It might sound strange that a game developer considering hiring you has never heard your music, but believe me this does happen. In my experience, the reason this happens is that the game developer probably isn’t interested in you or your music, and are just fixated on price. In other words they are accepting music pitches from anyone who will pitch them and assume all music is pretty much the same. This is a red flag as the gig will pretty much come down to a price war.
One big thing you can do in order to reduce the risk of your client rejecting your music, and this is what I do, is to offer to do a demo of one track up front to make sure you are both of the same page.
I offer this right up front and talk about it a lot as it mitigates risk from the developers point of view, and mine. What if they hate the demo? I usually say something along the lines of ‘… and if you don’t like the demo, no problem we can call it a day, no harm done’.
It’s important to only actually start work on the demo after the terms and price have been agreed though, that way you know you are not wasting your time.
Another tactic you could implement is to say up front how many revisions you are prepared to do for free, although I wouldn’t recommend this when you are starting out as you will still be finding your feet.
The best way of reducing the chances of getting it wrong and limiting the amount of revisions though is to ask the right questions up front when you speak to the developer. Don’t rush this phase. The more time you spend really prodding and poking to find out what the game and developer are all about and what musical preferences the dev has, the less chance you’ll end up in revision hell later on.
What If The Game Never Gets Finished So I Don’t Get Paid?
I did touch on this in part 3 of this series, but it’s worth mentioning again as it’s a very common problem.
The reality is you can’t stop it or prevent it 100%. It really comes down to judging the professionalism and commitment of the developer you are working with as well as limiting the amount you expose yourself financially to the risk.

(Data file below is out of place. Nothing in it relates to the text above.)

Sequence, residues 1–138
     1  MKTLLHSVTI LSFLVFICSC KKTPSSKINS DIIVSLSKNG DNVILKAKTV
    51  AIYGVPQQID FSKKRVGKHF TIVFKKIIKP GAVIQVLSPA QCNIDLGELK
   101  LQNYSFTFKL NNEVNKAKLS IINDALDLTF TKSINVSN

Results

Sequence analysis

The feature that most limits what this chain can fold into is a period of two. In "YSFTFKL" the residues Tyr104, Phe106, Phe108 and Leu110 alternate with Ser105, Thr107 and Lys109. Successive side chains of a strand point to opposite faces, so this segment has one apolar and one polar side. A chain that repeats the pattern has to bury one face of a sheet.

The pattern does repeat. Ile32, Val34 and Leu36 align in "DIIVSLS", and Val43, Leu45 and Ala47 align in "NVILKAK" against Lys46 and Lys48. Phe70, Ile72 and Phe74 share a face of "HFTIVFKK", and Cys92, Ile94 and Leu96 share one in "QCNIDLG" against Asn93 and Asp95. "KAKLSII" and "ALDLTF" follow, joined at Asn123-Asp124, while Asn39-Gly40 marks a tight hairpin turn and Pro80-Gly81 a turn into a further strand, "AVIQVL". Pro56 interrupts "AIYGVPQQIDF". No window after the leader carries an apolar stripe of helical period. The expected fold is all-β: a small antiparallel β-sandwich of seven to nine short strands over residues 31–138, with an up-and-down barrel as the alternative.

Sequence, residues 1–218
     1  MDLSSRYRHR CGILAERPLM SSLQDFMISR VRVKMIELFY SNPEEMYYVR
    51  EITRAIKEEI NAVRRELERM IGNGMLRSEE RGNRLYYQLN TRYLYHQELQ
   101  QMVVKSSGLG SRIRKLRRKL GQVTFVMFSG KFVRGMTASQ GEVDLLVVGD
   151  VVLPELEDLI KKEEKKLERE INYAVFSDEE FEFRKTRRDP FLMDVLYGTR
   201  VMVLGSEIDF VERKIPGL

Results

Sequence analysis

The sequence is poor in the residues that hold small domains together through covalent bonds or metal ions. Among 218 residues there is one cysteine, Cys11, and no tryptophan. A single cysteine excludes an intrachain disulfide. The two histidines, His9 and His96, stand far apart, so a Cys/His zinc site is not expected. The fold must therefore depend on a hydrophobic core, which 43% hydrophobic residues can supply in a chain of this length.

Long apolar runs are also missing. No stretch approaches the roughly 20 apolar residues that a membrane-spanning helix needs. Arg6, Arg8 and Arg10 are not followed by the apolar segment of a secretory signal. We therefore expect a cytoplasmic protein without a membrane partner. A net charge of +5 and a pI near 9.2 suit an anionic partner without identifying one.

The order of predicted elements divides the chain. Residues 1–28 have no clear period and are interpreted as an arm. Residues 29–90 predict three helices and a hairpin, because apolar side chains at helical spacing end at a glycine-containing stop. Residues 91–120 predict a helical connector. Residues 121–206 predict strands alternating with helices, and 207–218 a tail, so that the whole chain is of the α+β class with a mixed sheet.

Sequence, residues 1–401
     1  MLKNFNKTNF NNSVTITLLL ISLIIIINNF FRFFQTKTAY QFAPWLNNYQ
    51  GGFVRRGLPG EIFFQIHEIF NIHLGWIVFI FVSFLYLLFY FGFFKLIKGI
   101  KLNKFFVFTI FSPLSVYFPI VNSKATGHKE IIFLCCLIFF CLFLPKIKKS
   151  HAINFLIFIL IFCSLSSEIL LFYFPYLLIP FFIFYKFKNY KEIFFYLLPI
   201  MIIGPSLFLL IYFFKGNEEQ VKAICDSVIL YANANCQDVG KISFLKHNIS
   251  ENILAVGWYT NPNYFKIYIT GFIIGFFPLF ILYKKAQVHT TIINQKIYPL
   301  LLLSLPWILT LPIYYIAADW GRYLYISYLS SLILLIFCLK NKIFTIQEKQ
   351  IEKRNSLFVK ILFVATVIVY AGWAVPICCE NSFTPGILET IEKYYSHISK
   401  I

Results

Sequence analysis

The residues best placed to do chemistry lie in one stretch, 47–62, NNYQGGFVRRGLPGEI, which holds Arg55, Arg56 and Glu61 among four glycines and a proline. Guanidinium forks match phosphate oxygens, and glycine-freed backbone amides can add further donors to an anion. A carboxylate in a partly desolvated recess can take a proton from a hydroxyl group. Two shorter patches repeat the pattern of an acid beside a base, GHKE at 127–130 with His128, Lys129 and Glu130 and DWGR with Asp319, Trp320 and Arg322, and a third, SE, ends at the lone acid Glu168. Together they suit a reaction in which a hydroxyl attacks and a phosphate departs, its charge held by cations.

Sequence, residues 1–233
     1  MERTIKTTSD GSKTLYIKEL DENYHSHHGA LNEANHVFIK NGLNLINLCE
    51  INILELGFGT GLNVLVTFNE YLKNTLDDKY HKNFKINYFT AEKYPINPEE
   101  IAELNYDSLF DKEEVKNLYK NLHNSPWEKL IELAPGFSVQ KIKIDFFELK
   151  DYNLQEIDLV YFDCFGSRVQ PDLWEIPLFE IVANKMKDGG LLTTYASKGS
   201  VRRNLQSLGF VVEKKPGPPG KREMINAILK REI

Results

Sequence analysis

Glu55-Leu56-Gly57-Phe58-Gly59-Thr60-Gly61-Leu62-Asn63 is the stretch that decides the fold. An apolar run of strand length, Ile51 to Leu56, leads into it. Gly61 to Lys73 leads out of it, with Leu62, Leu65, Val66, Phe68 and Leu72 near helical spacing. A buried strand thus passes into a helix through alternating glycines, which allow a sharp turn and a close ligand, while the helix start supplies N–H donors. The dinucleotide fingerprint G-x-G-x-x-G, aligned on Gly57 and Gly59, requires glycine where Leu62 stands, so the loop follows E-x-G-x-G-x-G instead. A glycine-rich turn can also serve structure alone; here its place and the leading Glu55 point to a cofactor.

I have certainly got burned before on this, spending perhaps 90 hours on a game creating a soundtrack, only to have the project shelved. Because the type of deal I negotiated was purely a back end royalties situation, I never saw a penny.
If you are starting out, working with a small developer, you are not really going to be in the position of demanding advances or down payments etc upfront and there’s just going to have to be an element of co-operation and trust. Some tips that might help are:
As you can see, with all the situations being different it’s hard to put any definitive measure in place to stop a game being dropped. But just be aware it’s a fact of game composing life and as long as you are careful you can hopefully limit the damage to a certain extent.
Now You Can Feel In Control Of Your Future
There’s a lot to take in here I know. What I’ve tried to give you is a snapshot of how you can go from having no games under your belt, to getting paid for your first few games.
The direct outreach method of getting clients that I have shown you in this series is just one method in a toolbox. The fact that I do this doesn’t mean I don’t do networking or other ways to get my name known, but it’s one method that has served me well and is certainly worth a try if you haven’t worked on a game before.
Also don’t try and do everything in this series in one afternoon either – it may take you weeks or months to get all this set up. Just concentrate on one step at a time eg:
1. Sort through your tracks and pull out the 5 best ones for your portfolio.
2. Get your Soundcloud/website set updated.
3. Find say 5 likely forums for WIP games.
4. Draft initial e-mail pitch.
I’ve used the principles and tactics above to work on over 20 games and get paid for them all.
Yes, it’s extremely competitive, and hard work, but by being pro-active, professional and persistent (I will call those my three P’s), you stand the best chance of landing a paid game composing gig and more in the future.
I do hope you enjoyed these articles and that you’ll start to implement some or all of the content. If you do, let me know how you get on – I’d love to know. Again If you would like to access the video of me using Kickstarter to look for clients or the handy calculator to help you work out an acceptable hourly rate, simply click below.